Forming the developmental alliance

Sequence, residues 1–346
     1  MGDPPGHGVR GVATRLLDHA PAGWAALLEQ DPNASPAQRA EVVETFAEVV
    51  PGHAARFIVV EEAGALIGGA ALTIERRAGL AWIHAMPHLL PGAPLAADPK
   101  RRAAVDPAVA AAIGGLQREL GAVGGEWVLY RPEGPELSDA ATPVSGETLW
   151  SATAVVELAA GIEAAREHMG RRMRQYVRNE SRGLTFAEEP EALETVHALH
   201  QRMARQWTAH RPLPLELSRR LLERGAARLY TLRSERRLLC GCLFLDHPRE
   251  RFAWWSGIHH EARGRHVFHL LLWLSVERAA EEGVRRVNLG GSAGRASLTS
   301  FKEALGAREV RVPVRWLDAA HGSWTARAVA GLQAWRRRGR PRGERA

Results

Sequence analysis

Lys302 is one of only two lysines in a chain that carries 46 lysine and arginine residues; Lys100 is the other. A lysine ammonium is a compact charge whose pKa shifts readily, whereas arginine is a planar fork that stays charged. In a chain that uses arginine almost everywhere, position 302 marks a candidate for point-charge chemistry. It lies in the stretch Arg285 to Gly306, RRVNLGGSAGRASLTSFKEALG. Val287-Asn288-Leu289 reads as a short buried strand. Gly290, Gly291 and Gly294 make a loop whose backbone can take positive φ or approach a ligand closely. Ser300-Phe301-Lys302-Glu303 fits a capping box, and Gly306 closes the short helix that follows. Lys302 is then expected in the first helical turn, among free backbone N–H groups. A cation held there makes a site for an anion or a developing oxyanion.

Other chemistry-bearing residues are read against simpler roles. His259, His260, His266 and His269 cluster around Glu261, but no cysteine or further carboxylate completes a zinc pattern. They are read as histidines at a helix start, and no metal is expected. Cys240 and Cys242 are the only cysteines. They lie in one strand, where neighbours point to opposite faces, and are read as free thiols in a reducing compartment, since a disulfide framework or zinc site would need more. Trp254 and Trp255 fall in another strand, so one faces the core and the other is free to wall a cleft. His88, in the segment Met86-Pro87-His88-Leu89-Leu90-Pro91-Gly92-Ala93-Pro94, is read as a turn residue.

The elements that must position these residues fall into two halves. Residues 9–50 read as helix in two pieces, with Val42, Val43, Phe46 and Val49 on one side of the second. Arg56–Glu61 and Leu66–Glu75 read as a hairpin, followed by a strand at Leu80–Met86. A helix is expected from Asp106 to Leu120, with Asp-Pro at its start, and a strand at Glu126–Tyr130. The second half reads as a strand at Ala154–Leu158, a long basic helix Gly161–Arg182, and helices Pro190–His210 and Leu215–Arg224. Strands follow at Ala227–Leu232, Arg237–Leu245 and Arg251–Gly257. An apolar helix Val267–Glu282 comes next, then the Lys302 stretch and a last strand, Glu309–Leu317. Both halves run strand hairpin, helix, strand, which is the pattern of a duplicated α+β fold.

The coup d’état of 1961 marked a turning point in the fortunes of modern Korea: with Park Chung Hee forcibly taking the reins of leadership, the key focus of the political elite shifted away from self-aggrandisement and towards national development. Although initially greeting the coup with some reservations, the United States offered a substantial degree of military, economic and political support to Park and his coterie. The US also encouraged Japan to foster and support Korean industrial development from the end of the decade. With the support of such powerful allies, the Korean state was well placed to take a lead role in developing the national economy. The Korean state under Park was also able to deploy a signiﬁcant degree of coercive power, evident in the suppression of the labour movement and political dissent. This coercive power was harnessed in support of Park’s developmental project, with a commonly cited manifestation of this being the disciplining of big business (chaebols). Alice Amsden (1992), for instance, argues that the state both supported and disciplined the chaebols through its control of credit. In this way the state was the ‘senior partner’ in the developmental alliance with business.